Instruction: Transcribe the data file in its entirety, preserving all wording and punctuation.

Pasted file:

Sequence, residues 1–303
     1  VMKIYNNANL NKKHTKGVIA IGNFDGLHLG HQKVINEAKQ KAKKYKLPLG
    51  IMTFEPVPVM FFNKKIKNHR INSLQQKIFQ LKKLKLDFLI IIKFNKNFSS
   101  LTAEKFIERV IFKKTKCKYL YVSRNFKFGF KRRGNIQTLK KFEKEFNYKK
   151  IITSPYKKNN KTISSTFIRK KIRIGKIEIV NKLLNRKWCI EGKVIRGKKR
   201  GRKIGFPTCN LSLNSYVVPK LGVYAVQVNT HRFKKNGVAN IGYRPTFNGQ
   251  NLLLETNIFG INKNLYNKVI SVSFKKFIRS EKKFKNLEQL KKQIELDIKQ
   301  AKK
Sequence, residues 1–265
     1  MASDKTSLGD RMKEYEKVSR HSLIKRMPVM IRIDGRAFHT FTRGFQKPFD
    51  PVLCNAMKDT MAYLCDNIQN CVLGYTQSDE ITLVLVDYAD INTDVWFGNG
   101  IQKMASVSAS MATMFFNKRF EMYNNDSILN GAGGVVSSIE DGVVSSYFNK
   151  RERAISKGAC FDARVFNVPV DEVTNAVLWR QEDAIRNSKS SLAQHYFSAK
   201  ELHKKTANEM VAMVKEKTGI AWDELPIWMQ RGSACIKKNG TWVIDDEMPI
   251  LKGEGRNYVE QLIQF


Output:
Sequence, residues 1–303
     1  VMKIYNNANL NKKHTKGVIA IGNFDGLHLG HQKVINEAKQ KAKKYKLPLG
    51  IMTFEPVPVM FFNKKIKNHR INSLQQKIFQ LKKLKLDFLI IIKFNKNFSS
   101  LTAEKFIERV IFKKTKCKYL YVSRNFKFGF KRRGNIQTLK KFEKEFNYKK
   151  IITSPYKKNN KTISSTFIRK KIRIGKIEIV NKLLNRKWCI EGKVIRGKKR
   201  GRKIGFPTCN LSLNSYVVPK LGVYAVQVNT HRFKKNGVAN IGYRPTFNGQ
   251  NLLLETNIFG INKNLYNKVI SVSFKKFIRS EKKFKNLEQL KKQIELDIKQ
   301  AKK
Sequence, residues 1–265
     1  MASDKTSLGD RMKEYEKVSR HSLIKRMPVM IRIDGRAFHT FTRGFQKPFD
    51  PVLCNAMKDT MAYLCDNIQN CVLGYTQSDE ITLVLVDYAD INTDVWFGNG
   101  IQKMASVSAS MATMFFNKRF EMYNNDSILN GAGGVVSSIE DGVVSSYFNK
   151  RERAISKGAC FDARVFNVPV DEVTNAVLWR QEDAIRNSKS SLAQHYFSAK
   201  ELHKKTANEM VAMVKEKTGI AWDELPIWMQ RGSACIKKNG TWVIDDEMPI
   251  LKGEGRNYVE QLIQF